This reveals an interesting, and problematic, aspect of the Philippines economy; it has a highly entrepreneurial perspective, wherein the solution that comes to mind for most seeking to improve their household economy is not “find a job” but “create a job.” While that sort of ambition is praiseworthy, what it is actually doing is creating a huge class of working poor in this country. A large part of the reason for it is that the Philippine job market is not particularly attractive; there are too few jobs to begin with, and many of those that are available are compromised (from a job-seeker’s perspective) by low wages, being contractual or otherwise temporary in nature, and having highly discriminatory qualifications. The alternative, as many see it, is to find a little capital to start their own business—a corner store, a market stall, an Internet shop, or a similar subsistence-level enterprise.
The solution to all of that is to generate employment, and that is done by encouraging the development of first- and second-tier businesses in the economically disadvantaged parts of the country. There are many approaches that could be applied to that objective, but here are few example initiatives:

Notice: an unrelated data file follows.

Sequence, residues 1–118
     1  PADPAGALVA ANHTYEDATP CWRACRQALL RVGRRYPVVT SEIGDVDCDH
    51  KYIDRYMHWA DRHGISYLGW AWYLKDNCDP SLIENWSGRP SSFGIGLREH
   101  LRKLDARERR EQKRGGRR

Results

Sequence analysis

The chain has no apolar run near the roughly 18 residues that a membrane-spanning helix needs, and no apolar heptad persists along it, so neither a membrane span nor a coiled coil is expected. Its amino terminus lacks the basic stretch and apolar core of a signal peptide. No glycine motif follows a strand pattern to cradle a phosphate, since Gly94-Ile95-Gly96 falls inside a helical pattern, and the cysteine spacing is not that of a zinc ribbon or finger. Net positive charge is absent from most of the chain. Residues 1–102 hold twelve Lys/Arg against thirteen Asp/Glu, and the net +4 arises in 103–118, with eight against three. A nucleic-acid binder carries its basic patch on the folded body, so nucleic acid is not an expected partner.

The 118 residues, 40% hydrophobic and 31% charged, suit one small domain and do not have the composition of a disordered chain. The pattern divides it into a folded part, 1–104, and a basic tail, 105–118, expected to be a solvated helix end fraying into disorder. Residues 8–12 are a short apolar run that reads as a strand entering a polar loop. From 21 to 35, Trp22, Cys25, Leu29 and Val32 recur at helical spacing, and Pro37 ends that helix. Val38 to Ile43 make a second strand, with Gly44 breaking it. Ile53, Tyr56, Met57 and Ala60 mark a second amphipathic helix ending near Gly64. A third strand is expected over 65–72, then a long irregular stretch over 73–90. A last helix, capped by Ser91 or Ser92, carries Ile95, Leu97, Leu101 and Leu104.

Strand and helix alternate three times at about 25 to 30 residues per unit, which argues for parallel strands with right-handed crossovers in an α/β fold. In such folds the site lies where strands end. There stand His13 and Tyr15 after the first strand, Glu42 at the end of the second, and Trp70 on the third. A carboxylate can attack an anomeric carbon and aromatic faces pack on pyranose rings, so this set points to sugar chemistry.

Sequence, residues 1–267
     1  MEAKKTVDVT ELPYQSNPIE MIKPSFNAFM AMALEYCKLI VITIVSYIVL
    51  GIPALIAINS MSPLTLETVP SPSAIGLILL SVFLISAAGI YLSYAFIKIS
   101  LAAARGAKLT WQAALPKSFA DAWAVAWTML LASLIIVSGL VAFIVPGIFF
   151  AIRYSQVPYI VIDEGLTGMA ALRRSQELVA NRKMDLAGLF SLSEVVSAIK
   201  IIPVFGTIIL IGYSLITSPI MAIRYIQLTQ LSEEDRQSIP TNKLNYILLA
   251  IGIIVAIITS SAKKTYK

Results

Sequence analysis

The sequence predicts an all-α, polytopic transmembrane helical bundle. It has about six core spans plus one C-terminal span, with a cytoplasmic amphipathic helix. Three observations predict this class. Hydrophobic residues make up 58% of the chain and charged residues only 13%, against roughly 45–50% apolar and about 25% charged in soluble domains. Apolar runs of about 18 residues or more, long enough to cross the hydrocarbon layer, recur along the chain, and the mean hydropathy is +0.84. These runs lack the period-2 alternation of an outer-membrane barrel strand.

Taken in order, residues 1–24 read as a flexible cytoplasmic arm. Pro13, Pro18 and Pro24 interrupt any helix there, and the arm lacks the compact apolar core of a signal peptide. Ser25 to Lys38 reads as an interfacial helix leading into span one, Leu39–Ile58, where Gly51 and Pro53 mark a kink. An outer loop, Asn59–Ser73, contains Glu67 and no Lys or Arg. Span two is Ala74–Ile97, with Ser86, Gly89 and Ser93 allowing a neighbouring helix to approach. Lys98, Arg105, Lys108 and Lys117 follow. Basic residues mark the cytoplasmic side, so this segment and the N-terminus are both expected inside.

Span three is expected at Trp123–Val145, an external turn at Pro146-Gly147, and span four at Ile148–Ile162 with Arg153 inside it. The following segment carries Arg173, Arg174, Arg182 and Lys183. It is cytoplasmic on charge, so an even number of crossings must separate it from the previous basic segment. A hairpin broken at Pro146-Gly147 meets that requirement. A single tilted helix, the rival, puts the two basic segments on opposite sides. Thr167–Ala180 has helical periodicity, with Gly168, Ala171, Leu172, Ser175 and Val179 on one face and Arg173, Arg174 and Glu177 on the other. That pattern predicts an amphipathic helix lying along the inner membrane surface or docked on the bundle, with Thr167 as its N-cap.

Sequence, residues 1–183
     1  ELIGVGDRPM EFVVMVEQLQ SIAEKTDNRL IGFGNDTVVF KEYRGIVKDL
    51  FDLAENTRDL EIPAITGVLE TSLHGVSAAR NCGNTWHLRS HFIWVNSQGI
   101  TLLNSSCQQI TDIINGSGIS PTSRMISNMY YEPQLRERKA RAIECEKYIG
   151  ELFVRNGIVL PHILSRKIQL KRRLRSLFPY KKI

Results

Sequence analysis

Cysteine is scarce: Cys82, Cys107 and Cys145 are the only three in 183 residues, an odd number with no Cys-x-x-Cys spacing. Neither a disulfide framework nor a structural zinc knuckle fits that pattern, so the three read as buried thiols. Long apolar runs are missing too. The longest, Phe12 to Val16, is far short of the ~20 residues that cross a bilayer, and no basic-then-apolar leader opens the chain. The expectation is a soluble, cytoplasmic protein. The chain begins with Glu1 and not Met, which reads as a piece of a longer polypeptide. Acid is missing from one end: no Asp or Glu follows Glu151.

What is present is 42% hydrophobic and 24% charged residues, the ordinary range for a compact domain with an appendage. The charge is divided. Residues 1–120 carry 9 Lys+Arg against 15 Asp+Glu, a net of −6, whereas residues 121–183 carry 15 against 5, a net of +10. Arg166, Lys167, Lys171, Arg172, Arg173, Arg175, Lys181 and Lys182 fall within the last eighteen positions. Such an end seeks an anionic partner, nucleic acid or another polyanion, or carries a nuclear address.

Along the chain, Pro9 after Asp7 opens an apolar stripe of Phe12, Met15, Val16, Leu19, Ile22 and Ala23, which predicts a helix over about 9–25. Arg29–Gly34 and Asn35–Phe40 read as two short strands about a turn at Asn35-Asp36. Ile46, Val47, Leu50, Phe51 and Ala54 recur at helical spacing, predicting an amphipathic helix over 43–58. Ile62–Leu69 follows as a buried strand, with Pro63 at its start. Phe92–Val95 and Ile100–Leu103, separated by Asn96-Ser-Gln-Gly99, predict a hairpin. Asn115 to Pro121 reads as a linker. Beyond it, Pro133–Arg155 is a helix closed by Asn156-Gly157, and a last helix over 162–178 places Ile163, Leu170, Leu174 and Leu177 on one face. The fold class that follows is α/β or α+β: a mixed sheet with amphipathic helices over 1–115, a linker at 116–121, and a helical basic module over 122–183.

Implementing a schedule of tax incentives for business start-ups, with larger incentives applicable to poorer areas, nonservice and nonretail jobs created, and higher numbers of jobs created (with perhaps a penalty applied to contractual jobs, to discourage the practice).
Rationalizing the systems of business licensing fees and taxes at the local government level to reduce red tape and corruption. For the least-developed areas, the national government might subsidize some local fee requirements to encourage investment, particularly in manufacturing or agriculture-related businesses.
As a more temporary measure, provide tax or wage subsidy incentives to businesses located in other parts of the country to encourage hiring of graduates from provincial schools, with a significantly higher schedule of incentives offered to businesses hiring those graduates in the same province or region. The basis for this idea was suggested by Dan Lachica of the Semiconductor and Electronics Industries of the Philippines (Seipi), who noted that his group was trying to encourage its own members to look outside Metro Manila for qualified workers.
Juan Gatbonton’s final word on the matter is, “If we are to redress the balance of our lopsided economy, we must also make countryside development a centerpiece of public policy.” That is absolutely correct, and his basic concept effectively addresses part of that challenge. In order to make it really pay off, however, the economic as well as the social framework must be addressed.